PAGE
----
Friday, December 28, 2007

Think globally. Or something like that.

There are any number of good reasons to hire an ad agency from out of town. The local shop isn’t automatically always the best choice. Geeze, one of our clients is 1,200 miles away, but I’d like to think that the quality of the work, the service and the relationship is why they take a pass on the dozens of good agencies between here and there.

And I don’t believe that an agency in, say, New York is automatically better than one in Washington (although it stands to reason that an exciting city like New York will attract top talent in all fields― including finance, law and various segments of the adult entertainment industry).

But I am baffled as to why a local enterprise ― like a shopping center or a sports team ― that depends on local support will do their own spending with an out-of-town agency.

For example, Tyson’s Corner Mall has an agency from Pennsylvania. How many people from Pennsylvania shop at Tyson’s Corner? It’s not like they couldn’t or can’t find anybody local to do the work, and there sure isn't anything special about the work they are getting from up north. Rosenthal Partners and Adworks were their previous two agencies, and both of them did work that was far better than the current shop if you ask me. I don’t know why that piece of business went out of town, but I’ll bet if I lived in Northern Virginia and told the marketing manager at Tyson’s Corner that I did my Christmas shopping in Pennsylvania, he or she would hit me with a shovel.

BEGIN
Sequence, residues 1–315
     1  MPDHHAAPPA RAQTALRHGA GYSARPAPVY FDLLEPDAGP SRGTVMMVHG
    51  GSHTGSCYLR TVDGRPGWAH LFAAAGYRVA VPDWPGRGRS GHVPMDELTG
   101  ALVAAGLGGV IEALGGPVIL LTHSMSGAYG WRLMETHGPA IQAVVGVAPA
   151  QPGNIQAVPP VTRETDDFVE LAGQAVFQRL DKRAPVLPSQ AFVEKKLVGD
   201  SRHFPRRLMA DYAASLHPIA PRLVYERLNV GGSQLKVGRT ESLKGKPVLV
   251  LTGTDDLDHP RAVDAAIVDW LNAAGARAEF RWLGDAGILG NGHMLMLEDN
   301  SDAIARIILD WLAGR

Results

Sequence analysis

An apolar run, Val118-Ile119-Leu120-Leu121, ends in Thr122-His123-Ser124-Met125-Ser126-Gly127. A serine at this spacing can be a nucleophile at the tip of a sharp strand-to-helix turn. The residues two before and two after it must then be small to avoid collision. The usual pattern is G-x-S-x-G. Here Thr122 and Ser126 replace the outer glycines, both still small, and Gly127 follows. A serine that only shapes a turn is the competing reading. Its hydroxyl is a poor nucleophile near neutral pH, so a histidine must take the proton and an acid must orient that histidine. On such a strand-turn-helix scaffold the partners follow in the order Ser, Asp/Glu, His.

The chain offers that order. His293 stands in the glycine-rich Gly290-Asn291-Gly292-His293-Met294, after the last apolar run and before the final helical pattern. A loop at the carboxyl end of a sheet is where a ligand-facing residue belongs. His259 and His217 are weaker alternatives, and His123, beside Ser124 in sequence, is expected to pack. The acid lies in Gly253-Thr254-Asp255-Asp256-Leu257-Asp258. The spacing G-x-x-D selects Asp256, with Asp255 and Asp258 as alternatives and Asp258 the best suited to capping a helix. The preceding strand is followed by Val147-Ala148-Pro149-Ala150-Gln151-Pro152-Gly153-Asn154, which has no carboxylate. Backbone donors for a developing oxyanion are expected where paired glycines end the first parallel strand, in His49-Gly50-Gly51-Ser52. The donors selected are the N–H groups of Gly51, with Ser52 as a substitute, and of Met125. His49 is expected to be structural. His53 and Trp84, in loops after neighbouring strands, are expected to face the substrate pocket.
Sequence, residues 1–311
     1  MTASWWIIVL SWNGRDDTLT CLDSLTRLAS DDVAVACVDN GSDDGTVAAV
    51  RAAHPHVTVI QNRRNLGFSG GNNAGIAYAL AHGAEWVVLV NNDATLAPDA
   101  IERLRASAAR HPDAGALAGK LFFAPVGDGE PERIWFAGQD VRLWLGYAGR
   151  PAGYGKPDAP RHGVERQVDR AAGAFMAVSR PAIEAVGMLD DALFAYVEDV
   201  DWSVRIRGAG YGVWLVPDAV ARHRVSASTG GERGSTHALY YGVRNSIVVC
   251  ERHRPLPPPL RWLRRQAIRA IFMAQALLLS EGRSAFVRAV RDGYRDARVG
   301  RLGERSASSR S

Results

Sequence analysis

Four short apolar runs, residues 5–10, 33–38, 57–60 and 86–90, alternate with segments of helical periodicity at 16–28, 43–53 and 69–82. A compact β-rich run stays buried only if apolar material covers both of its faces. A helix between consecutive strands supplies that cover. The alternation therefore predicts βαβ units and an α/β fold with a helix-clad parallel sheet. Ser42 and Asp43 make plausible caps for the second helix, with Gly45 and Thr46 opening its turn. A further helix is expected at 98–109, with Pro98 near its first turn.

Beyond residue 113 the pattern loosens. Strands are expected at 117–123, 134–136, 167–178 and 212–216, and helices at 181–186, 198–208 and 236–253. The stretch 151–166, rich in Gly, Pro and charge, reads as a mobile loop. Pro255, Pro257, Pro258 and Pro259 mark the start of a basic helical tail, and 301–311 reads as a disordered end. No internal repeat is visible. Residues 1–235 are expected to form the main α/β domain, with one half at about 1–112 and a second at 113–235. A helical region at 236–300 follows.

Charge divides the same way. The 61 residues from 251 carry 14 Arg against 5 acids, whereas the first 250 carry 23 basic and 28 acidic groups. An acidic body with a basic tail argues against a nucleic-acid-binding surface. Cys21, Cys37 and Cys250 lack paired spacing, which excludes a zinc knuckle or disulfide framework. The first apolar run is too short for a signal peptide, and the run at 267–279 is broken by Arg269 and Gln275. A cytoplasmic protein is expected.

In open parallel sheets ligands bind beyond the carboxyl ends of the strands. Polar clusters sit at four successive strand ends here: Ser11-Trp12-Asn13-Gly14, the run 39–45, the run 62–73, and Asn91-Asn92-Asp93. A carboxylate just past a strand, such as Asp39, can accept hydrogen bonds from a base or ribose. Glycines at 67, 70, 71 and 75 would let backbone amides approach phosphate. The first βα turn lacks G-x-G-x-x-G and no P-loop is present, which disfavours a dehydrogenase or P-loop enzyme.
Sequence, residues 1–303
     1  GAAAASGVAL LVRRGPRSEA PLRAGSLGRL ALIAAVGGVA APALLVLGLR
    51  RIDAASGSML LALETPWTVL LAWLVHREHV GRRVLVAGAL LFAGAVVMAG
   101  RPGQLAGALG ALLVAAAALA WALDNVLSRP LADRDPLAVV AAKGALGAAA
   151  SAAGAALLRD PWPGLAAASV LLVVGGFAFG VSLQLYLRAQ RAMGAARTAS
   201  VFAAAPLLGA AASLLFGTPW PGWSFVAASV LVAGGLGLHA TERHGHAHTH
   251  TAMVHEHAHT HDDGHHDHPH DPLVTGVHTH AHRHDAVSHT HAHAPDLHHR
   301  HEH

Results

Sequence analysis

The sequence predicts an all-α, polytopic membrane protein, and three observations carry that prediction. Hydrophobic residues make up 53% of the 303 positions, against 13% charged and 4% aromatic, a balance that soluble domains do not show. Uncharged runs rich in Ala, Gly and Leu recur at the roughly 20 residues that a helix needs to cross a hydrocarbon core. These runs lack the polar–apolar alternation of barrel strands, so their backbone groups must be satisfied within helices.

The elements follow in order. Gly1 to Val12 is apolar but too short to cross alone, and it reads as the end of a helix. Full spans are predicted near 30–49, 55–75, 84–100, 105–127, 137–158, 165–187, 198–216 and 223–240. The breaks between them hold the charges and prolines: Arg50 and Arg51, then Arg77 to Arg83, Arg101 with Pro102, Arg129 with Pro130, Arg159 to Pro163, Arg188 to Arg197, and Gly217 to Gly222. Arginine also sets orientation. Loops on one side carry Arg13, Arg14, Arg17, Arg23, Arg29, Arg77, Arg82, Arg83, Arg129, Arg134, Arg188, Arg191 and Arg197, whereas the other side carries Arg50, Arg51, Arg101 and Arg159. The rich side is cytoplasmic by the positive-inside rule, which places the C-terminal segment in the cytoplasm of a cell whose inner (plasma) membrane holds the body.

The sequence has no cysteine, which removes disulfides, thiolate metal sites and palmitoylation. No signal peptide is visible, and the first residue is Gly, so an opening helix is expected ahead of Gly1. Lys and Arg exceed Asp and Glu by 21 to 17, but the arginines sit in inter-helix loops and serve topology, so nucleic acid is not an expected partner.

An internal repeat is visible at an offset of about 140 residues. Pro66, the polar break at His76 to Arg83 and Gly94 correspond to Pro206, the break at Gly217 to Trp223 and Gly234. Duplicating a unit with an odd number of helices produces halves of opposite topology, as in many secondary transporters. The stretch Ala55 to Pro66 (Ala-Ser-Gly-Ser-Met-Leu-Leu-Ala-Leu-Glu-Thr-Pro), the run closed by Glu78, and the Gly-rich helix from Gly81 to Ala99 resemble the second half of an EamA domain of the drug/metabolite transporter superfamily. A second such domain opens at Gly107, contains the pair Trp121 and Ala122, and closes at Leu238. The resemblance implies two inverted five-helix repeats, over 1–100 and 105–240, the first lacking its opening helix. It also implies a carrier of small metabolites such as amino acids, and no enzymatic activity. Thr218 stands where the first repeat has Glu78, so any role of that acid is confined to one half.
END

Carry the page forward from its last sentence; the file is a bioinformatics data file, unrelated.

The Washington Post works with a local shop now, but it wasn’t too many years ago that they had a New York agency. Sure, you can make an argument that the Post isn’t exactly just a local business, but how many of their advertising dollars come from the local business community? Most of ‘em I’ll betcha. If I had a local retail business and told the advertising manager of the Post that I spent my Christmas advertising budget on the D.C. edition of the New York Times, he or she would hit me with a shovel.

I’m not saying a local business should only work with a local agency. Not at all. Several years ago, the Ad Club ran some campaign about how your mother-in-law should be out of town, not your ad agency. I thought it was goofy, not just because of the trite headline, but because it didn’t present any substantive reason for hiring a local agency other than proximity. And there are plenty of good reasons. Like Arnold, Rosenthal, Adworks, Smith+Gifford, Redhead, August Lang, Design Army, and on and on. (Plus, of course, Nasuti + Hinkle Creative Thinking.) Pick up an Addy showbook and see for yourself.

Blind loyalty to a zip code doesn’t necessarily make good business sense. But if you rely on the local market for your business, why think about doing business with the local market?

So hire the best agency you can find. But don’t assume that the best are somewhere else. Or at least don’t get too bent out of shape if your customers take their money out of the market. Like to Pennsylvania.

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